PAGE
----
THAT’S DEBATABLE… Squid spent Halloween at the lair, passing out shrimp-flavored popcorn balls to squidlets of the neighborhood while getting caught up on public meeting videos. One caught Squid’s eye: the Oct. 22 Del Rey Oaks City Council meeting where Monterey City Councilmember Tyller Williamson went hoping for a treat but got tricked instead.
It was Williamson’s first time out pitching ideas from the Monterey Peninsula Housing Coalition, a group of electeds intent on solving the housing crisis. After outlining ideas for increasing affordable housing and asking the council for input, Councilmember John Gagliotifirst praised Williamson for “a really creative effort.” The “but” was a foregone conclusion: “We just don’t have the water for it,” he said. He lambasted Williamson for signing a letter, along with 27 other electeds, opposing Cal Am’s proposed desal plant, and accused Williamson of being a no-growther masquerading as a pro-housing advocate.
Williamson started to say he didn’t want to turn the conversation “into a debate about desal.” Gaglioti’s response was “Yeah, but,” and he hopped back on his soap box.
Squid feels sorry for the kids trick-or-treating in Gaglioti’s neighborhood; he probably passes out toothbrushes and lectures instead of candy.
FIGHTING WORDS… That the bitterness of pro-desal vs. anti-desal rhetoric has trickled into Del Rey Oaks City Hall doesn’t surprise Squid, given how nasty things have gotten at actual water agencies, like Monterey One Water. That’s the wastewater treatment plant turned water-recycling facility, thanks to ingenuity and… teamwork? It was just a few weeks ago that Squid oozed over to a ribbon-cutting ceremony for Pure Water Monterey, where officials from various government agencies, alongside Cal Am reps, were drinking recycled water and taking goofy selfies in a photo booth.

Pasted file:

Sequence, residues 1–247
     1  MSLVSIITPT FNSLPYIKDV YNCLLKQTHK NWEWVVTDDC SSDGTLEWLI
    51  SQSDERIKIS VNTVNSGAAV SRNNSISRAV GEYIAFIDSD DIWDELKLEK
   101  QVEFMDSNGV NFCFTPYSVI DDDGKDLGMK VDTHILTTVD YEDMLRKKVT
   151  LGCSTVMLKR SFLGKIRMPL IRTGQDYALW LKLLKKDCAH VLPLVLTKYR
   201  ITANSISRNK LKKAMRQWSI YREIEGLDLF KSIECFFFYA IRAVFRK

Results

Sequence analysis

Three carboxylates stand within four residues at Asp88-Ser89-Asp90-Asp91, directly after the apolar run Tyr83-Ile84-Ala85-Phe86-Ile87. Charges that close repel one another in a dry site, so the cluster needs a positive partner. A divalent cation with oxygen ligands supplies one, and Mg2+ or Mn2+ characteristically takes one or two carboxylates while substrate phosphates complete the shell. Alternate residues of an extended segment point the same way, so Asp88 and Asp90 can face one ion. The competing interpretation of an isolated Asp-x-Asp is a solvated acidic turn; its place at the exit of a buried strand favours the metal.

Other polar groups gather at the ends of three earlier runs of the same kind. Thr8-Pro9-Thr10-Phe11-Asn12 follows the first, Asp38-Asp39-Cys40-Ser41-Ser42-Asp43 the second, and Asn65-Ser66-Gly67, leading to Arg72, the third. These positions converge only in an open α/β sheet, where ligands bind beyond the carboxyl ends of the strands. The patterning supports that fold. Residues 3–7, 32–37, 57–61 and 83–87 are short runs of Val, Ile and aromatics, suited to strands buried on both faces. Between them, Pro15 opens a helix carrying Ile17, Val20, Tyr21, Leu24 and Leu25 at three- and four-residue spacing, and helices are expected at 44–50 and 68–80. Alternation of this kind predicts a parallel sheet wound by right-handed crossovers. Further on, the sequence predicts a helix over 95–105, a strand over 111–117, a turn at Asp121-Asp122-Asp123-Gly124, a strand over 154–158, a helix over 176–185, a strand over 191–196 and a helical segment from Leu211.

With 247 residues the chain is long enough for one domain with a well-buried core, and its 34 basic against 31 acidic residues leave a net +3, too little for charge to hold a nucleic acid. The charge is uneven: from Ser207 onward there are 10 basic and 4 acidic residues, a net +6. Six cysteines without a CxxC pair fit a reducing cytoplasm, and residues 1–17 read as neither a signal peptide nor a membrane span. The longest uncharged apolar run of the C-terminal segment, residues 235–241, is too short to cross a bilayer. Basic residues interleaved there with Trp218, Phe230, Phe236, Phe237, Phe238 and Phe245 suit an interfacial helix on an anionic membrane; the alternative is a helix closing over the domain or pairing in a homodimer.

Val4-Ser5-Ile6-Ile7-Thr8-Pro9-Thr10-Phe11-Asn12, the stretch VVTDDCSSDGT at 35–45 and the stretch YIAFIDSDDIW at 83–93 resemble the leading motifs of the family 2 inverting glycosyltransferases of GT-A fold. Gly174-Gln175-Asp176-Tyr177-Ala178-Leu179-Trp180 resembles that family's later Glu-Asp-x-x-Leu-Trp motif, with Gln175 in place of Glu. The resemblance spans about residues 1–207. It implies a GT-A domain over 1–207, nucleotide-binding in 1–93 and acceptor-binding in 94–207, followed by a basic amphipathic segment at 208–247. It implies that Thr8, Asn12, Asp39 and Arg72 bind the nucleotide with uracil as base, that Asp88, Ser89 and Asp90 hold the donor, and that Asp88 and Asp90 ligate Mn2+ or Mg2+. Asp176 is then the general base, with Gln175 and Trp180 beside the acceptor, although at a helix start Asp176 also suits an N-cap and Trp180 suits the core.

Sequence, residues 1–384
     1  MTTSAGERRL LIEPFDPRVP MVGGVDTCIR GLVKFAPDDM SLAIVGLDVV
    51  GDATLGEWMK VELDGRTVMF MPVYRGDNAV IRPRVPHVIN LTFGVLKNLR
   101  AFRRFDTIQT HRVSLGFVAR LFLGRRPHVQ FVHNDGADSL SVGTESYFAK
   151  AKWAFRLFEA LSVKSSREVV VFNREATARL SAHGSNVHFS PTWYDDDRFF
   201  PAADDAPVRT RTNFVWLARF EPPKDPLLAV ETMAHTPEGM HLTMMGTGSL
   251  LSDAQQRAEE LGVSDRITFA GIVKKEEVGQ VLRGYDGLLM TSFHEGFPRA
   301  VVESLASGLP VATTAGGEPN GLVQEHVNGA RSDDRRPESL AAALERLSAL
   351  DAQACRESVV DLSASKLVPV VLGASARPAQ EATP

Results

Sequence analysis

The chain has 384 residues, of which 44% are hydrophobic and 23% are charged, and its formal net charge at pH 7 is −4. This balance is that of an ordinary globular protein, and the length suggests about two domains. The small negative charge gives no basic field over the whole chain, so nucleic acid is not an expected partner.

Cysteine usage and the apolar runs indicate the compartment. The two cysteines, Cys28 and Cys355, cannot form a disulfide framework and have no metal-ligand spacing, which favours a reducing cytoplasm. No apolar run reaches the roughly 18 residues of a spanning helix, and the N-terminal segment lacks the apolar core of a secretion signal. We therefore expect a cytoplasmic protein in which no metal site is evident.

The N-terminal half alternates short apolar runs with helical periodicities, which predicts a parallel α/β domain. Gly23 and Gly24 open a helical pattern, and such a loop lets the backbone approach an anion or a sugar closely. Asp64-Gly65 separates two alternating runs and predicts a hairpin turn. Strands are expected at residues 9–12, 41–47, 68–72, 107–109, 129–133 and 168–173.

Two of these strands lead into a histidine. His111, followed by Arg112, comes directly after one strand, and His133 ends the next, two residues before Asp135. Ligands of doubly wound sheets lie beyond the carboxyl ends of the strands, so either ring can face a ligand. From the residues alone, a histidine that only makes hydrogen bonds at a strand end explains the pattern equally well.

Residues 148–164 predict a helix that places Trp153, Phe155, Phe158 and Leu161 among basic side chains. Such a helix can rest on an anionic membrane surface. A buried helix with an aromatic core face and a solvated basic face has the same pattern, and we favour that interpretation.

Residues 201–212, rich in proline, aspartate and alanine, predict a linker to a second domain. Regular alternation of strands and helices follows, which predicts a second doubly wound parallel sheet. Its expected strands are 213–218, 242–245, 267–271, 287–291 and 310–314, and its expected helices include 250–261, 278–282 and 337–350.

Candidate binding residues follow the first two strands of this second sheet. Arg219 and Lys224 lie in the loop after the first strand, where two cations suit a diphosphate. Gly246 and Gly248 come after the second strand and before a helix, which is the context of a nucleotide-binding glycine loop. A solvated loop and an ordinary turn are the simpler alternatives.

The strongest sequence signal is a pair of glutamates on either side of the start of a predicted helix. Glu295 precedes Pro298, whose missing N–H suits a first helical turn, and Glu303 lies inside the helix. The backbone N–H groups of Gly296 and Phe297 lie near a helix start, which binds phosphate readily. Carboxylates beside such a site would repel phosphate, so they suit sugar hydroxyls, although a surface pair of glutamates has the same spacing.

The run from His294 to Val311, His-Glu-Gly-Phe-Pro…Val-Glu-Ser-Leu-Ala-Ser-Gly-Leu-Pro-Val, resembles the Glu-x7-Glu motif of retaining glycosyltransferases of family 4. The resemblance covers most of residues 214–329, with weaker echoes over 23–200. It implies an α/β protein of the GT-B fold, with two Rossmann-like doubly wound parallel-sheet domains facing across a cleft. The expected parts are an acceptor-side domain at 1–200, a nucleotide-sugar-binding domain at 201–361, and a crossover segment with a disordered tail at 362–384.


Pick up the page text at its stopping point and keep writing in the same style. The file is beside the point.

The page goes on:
Phase two of Pure Water Monterey looks so promising it might mean there’s enough water without Cal Am’s desalination plant. So some M1W board members (Exhibit A: John Gaglioti/see above) tried to delay releasing information to the public that might make desal appear moot, sacrificing data for politics. As if they hadn’t already done enough to undermine their credibility, board chair Ron Stefani called a special meeting for Nov. 7 to talk about writing a letter to the Coastal Commission, at Cal Am’s request, to urge commissioners to say yes to desal on Nov. 14. “It appears M1W staff have actively championed the proposed expansion of Pure Water Monterey as a real and viable solution,” Cal Am President Rich Svinland wrote in a letter to Stefani, triggering the meeting.
Victims of their own success? To that, Squid raises a glass – of recycled water.